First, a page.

Another important finding was that only the abdominal circumference was independently associated with obesity in IBD. We are aware that this could be an obvious result, but if we consider that it was not very common in our cohort (less than 50%), it is noteworthy to be underlined. Systemic steroids were associated with obesity only at univariate analysis, and this is an easily comprehensible link that has been already elucidated in literature[24]. Another interesting result was the most extensive use of antibiotics in obese IBD subjects. It is presumable that they could promote a dysbiosis, which in turn might facilitate the development of obesity, as already suggested by many clinical and basic science studies[25]. Finally, the high risk of diabetes, hypertension and liver steatosis is a well know phenomenon that seems to be related to obesity rather than to IBD itself[26].

CONCLUSION

In conclusion, our study may lay the foundation for some additional speculations. Since epidemiologically IBD are increasing in developed countries, the pathogenetic role and influence on the outcome of disease played by the diet should not be underestimated and must be further investigated. In this regard, it has been already demonstrated that IBD patients, even in remission phase, tend to have a high lipid and low fiber intake[27]. Furthermore, It may be useful to plan new clinical studies aimed at evaluating clinical, laboratory and endoscopic parameters at the baseline and following BMI changes induced by dietary regimens, since this topic is still very poorly investigated.

ARTICLE HIGHLIGHTS
Research background

In recent years, an increasing prevalence of obesity in inflammatory bowel disease (IBD) has been observed.

Research motivation

To investigate the relationship between obesity and IBD.

Research objectives

To evaluate the prevalence of obesity in IBD and associated factors.

Research methods

We collected data about IBD disease pattern and activity, drugs and laboratory investigations in our center. Anthropometric measures were retrieved and obesity defined as a body mass index (BMI) > 30. Then, we compared characteristics of obese vs non obese patients, and Chi-squared test and Student’s t test were used for discrete and continuous variables, respectively, at univariate analysis. For multivariate analysis, we used binomial logistic regression and estimated odd ratios and 95% confidence intervals to ascertain factors associated with obesity.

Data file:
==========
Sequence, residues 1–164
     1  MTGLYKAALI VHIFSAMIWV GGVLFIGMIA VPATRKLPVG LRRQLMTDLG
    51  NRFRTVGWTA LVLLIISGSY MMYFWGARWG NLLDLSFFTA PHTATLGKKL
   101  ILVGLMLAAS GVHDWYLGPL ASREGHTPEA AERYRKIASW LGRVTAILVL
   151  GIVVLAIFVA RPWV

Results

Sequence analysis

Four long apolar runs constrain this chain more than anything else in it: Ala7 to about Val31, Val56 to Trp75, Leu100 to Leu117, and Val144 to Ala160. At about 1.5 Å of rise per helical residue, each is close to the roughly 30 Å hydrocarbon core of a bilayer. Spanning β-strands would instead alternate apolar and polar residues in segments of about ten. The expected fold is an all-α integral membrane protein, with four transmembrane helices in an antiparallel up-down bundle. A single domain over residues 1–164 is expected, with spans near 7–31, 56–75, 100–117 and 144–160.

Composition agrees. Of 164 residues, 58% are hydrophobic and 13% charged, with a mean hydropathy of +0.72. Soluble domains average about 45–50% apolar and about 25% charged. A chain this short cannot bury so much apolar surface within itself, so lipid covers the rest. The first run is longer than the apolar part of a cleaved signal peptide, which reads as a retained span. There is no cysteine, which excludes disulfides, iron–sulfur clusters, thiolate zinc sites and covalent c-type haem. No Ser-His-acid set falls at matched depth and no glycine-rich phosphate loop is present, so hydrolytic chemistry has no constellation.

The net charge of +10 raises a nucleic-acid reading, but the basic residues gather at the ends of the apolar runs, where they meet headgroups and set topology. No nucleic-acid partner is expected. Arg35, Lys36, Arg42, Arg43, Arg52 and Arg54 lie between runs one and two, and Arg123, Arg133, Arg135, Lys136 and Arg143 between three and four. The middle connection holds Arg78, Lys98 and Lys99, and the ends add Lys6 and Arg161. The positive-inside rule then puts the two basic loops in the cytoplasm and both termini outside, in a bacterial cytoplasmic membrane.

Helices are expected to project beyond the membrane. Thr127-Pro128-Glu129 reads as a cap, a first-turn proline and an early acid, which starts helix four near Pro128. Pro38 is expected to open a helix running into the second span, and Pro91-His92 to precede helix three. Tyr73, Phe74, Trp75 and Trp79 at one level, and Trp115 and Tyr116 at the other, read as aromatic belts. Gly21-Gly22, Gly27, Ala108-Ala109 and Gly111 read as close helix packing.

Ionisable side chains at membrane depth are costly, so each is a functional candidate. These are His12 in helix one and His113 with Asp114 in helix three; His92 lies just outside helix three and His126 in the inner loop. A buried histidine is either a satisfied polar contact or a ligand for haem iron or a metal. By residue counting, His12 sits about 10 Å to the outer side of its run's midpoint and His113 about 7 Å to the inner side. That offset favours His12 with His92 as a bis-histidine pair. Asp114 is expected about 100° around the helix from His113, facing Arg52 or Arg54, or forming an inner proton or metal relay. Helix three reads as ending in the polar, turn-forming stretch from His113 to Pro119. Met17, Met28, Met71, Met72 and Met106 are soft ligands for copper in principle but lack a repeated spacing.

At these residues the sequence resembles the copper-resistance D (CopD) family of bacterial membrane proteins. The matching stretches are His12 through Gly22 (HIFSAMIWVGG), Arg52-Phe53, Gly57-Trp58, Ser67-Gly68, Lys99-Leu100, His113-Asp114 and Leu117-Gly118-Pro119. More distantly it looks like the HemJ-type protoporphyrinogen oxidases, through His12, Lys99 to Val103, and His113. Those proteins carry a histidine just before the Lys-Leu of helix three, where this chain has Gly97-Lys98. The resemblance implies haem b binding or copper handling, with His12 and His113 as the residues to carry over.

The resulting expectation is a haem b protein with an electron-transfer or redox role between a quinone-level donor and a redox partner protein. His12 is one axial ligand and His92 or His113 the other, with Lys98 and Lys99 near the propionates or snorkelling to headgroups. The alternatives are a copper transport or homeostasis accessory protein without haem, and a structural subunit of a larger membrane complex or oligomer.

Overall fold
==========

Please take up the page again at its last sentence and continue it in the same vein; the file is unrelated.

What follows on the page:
Research results

The prevalence of obesity was 6.9% in IBD and 7.9% in controls (not statistically different; P = 0.38). Obese IBD were older than normal weight ones. IBD onset age was earlier in obese population. Obese subjects had consumed more frequently long course of systemic steroids as well as antibiotics such as metronidazole or ciprofloxacin. Obese IBD patients suffered more frequently from arterial hypertension, type 2 diabetes, non-alcoholic fatty liver disease. On multivariate analysis, however, the only factor that appeared to be independently linked to obesity in IBD was the high abdominal circumference.

Research conclusions

Obese IBD patients seem to have features similar to general obese population, and there is no disease-specific factor (disease activity, extension or therapy) that may foster obesity in IBD.

Research perspectives

Dietary interventions to explore whether BMI variation may have some benefit on IBD course are warranted.

Footnotes

Manuscript source: Invited manuscript

Specialty type: Gastroenterology and hepatology

Country/Territory of origin: Italy

Peer-review report’s scientific quality classification

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Grade E (Poor): 0

P-Reviewer: Li C, Szilagyi A S-Editor: Gao CC L-Editor: A P-Editor: Liu JH